Diabetologia

, Volume 61, Issue 5, pp 1046–1054 | Cite as

Serum metabolomic profile of incident diabetes

  • Casey M. Rebholz
  • Bing Yu
  • Zihe Zheng
  • Patrick Chang
  • Adrienne Tin
  • Anna Köttgen
  • Lynne E. Wagenknecht
  • Josef Coresh
  • Eric Boerwinkle
  • Elizabeth Selvin
Article

Abstract

Aims/hypothesis

Metabolomic profiling offers the potential to reveal metabolic pathways relevant to the pathophysiology of diabetes and improve diabetes risk prediction.

Methods

We prospectively analysed known metabolites using an untargeted approach in serum specimens from baseline (1987–1989) and incident diabetes through to 31 December 2015 in a subset of 2939 Atherosclerosis Risk in Communities (ARIC) study participants with metabolomics data and without prevalent diabetes.

Results

Among the 245 named compounds identified, seven metabolites were significantly associated with incident diabetes after Bonferroni correction and covariate adjustment; these included a food additive (erythritol) and compounds involved in amino acid metabolism [isoleucine, leucine, valine, asparagine, 3-(4-hydoxyphenyl)lactate] and glucose metabolism (trehalose). Higher levels of metabolites were associated with increased risk of incident diabetes (HR per 1 SD increase in isoleucine 2.96, 95% CI 2.02, 4.35, p = 3.18 × 10−8; HR per 1 SD increase in trehalose 1.16, 95% CI 1.09, 1.25, p = 1.87 × 10−5), with the exception of asparagine, which was associated with a lower risk of diabetes (HR per 1 SD increase in asparagine 0.78, 95% CI 0.71, 0.85, p = 4.19 × 10−8). The seven metabolites modestly improved prediction of incident diabetes beyond fasting glucose and established risk factors (C statistics 0.744 vs 0.735, p = 0.001 for the difference in C statistics).

Conclusions/interpretation

Branched chain amino acids may play a role in diabetes development. Our study is the first to report asparagine as a protective biomarker of diabetes risk. The serum metabolome reflects known and novel metabolic disturbances that improve prediction of diabetes.

Keywords

Amino acids Branched chain amino acids Diabetes Metabolic pathways Metabolomics 

Abbreviations

ARIC

Atherosclerosis Risk in Communities

TCA

Tricarboxylic acid

Notes

Acknowledgements

The authors thank the staff and participants of the ARIC study for their important contributions.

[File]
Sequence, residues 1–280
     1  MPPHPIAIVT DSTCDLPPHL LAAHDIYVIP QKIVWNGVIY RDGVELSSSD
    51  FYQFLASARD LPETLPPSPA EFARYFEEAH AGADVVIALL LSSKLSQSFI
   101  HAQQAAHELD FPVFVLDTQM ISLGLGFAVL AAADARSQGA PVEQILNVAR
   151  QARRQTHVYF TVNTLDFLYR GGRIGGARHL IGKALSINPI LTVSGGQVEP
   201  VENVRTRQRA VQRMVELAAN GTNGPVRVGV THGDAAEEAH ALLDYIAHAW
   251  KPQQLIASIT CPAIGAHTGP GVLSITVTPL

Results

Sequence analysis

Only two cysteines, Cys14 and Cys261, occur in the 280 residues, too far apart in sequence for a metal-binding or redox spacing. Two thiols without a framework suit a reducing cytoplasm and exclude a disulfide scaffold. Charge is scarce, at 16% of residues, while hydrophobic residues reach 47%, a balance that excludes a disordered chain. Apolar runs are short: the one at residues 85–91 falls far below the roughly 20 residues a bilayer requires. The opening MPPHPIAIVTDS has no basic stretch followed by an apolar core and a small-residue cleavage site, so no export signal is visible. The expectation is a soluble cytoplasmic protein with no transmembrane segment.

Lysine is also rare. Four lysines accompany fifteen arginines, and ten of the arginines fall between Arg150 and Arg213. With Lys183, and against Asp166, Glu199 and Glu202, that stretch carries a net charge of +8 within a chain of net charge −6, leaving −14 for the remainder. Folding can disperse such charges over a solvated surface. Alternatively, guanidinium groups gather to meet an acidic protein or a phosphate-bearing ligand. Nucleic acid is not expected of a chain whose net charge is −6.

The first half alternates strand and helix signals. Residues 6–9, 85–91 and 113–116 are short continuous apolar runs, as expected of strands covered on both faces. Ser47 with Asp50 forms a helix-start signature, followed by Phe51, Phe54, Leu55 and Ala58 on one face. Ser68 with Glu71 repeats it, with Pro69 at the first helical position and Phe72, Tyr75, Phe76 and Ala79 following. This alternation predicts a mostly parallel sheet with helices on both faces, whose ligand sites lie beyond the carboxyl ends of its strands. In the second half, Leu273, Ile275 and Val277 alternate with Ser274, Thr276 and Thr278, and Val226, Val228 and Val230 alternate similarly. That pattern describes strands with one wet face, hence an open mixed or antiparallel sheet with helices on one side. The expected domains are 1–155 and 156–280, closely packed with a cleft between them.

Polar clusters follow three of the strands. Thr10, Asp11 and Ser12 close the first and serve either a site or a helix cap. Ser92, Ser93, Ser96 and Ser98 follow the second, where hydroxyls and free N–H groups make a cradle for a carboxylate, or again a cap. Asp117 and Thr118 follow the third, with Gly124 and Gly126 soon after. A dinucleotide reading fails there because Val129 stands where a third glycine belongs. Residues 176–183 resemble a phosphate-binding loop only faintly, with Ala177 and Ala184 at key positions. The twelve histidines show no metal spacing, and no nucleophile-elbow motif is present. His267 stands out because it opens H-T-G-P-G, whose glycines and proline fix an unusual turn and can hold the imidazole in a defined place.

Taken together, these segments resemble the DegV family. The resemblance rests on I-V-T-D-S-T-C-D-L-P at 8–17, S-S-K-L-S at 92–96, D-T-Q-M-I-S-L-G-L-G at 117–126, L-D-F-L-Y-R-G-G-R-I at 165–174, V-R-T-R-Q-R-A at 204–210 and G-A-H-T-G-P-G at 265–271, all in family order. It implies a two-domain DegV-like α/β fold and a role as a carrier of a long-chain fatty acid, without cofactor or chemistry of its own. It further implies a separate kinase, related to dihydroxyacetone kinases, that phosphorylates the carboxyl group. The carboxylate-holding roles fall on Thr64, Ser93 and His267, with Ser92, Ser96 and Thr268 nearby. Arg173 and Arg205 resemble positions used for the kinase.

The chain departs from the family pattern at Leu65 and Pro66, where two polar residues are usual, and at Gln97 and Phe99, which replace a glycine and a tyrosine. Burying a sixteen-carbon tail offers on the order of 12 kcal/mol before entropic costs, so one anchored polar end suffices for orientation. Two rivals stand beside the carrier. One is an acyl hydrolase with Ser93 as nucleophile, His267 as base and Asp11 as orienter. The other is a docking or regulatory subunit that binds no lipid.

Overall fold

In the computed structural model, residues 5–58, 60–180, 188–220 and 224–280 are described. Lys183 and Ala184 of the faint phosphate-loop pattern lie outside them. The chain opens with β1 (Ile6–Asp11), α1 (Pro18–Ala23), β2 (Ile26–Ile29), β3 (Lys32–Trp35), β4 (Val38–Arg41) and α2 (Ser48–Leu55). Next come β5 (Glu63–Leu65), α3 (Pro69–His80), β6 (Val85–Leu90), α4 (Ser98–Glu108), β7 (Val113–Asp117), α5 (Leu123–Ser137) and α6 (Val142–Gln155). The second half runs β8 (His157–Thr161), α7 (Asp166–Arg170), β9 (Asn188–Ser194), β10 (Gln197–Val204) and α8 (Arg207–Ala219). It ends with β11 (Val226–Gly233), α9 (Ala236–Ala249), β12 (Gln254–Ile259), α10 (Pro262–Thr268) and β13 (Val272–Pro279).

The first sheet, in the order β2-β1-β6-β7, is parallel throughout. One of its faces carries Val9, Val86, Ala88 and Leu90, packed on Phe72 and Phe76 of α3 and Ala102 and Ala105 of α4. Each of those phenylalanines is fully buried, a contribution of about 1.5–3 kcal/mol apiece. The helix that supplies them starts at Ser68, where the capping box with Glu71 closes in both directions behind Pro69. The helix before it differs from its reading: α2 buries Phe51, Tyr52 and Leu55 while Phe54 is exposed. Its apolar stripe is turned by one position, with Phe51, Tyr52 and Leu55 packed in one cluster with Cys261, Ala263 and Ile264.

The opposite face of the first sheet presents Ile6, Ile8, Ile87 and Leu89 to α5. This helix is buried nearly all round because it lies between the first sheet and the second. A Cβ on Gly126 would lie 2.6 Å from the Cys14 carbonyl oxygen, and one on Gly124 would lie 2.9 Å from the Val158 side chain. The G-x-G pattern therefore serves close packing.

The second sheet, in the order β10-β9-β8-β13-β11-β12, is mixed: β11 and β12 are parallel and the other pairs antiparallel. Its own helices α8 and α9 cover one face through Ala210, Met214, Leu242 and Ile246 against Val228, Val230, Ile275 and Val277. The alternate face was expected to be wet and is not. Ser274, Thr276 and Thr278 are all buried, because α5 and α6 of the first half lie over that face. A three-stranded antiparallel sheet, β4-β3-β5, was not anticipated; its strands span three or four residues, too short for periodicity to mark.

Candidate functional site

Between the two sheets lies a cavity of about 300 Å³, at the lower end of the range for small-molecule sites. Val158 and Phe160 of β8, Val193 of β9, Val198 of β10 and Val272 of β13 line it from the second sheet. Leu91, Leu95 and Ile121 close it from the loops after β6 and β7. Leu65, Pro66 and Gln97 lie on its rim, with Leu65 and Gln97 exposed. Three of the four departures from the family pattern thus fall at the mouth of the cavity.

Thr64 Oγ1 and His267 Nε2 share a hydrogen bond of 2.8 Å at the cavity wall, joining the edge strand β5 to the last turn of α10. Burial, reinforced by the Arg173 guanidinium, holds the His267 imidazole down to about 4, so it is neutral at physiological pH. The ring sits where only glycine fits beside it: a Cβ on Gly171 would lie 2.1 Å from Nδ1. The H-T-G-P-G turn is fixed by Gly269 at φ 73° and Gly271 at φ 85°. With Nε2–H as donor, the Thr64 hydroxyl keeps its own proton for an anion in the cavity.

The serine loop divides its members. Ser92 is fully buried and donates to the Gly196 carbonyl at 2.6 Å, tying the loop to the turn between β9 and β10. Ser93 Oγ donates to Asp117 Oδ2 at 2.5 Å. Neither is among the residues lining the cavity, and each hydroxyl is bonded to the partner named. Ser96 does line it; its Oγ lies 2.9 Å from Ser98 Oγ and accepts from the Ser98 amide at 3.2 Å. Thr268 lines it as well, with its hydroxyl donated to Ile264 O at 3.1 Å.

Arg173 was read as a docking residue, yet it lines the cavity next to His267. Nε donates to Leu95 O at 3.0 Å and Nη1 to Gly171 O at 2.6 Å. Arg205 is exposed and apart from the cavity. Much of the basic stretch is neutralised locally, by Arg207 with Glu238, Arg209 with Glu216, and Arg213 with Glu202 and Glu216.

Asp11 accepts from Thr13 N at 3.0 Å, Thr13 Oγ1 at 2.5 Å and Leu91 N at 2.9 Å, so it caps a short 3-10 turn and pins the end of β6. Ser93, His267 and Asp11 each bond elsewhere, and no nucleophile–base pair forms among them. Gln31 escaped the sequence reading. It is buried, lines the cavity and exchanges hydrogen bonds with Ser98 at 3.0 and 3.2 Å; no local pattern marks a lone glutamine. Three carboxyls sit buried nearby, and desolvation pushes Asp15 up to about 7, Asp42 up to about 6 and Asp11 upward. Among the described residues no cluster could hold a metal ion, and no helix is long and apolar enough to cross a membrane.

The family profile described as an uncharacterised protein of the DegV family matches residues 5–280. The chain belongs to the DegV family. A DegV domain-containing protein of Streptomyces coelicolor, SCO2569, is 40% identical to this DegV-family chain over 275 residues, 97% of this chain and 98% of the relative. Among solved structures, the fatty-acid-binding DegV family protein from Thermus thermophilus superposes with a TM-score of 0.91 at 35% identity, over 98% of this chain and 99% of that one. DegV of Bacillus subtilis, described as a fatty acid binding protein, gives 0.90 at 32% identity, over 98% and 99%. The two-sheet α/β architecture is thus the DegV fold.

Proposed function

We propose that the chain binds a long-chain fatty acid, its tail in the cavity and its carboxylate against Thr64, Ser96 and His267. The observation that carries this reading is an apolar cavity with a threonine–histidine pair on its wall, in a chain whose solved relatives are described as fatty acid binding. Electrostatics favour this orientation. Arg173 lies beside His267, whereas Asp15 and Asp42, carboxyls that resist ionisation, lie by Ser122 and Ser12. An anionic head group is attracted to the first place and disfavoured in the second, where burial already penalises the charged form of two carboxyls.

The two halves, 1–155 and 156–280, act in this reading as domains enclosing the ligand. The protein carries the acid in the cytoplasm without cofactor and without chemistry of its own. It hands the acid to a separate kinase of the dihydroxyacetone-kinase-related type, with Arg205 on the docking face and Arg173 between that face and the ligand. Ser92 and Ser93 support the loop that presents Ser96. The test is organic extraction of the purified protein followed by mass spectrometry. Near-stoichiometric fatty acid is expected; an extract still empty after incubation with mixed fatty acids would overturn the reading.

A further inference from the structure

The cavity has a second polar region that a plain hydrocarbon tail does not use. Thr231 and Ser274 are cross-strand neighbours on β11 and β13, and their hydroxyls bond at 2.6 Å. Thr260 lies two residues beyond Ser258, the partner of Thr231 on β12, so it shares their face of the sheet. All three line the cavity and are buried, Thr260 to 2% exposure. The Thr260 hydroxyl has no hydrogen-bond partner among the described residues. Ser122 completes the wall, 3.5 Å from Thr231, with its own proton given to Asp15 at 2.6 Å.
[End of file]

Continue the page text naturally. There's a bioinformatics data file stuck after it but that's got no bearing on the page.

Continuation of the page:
Contribution statement

CMR proposed the study, planned the statistical analysis and wrote the manuscript. EB obtained the metabolomics data. BY, ZZ, PC and AT contributed to the statistical analysis. AK, LEW, JC, EB and ES provided methodological and content-related expertise. All authors provided substantial contributions to the conception and design, acquisition of data, or analysis and interpretation of data; drafted the article or revised it critically for important intellectual content; and provided final approval of the version to be published. CMR is responsible for the integrity of the work as a whole.

Data availability

Selected data elements of the ARIC study are available upon request through the National Health, Lung, and Blood Institute (NHLBI) Biologic Specimen and Data Repository Information Coordinating Center (BioLINCC).

Duality of interest

The authors declare that there is no duality of interest associated with this manuscript.

Supplementary material

125_2018_4573_MOESM1_ESM.pdf (113 kb)
ESM Tables (PDF 113 kb)

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Copyright information

© Springer-Verlag GmbH Germany, part of Springer Nature 2018

Authors and Affiliations

  • Casey M. Rebholz
    • 1
    • 2
  • Bing Yu
    • 3
  • Zihe Zheng
    • 1
    • 2
  • Patrick Chang
    • 3
  • Adrienne Tin
    • 1
    • 2
  • Anna Köttgen
    • 1
    • 4
  • Lynne E. Wagenknecht
    • 5
  • Josef Coresh
    • 1
    • 2
  • Eric Boerwinkle
    • 3
  • Elizabeth Selvin
    • 1
    • 2
  1. 1.Department of EpidemiologyJohns Hopkins Bloomberg School of Public HealthBaltimoreUSA
  2. 2.Welch Center for Prevention, Epidemiology and Clinical ResearchJohns Hopkins Bloomberg School of Public HealthBaltimoreUSA
  3. 3.Department of Epidemiology, Human Genetics & Environmental SciencesUniversity of Texas Health Sciences Center at Houston School of Public HealthHoustonUSA
  4. 4.Institute of Genetic Epidemiology, Medical Center and Faculty of MedicineUniversity of FreiburgFreiburgGermany
  5. 5.Division of Public Health SciencesWake Forest School of MedicineWinston-SalemUSA

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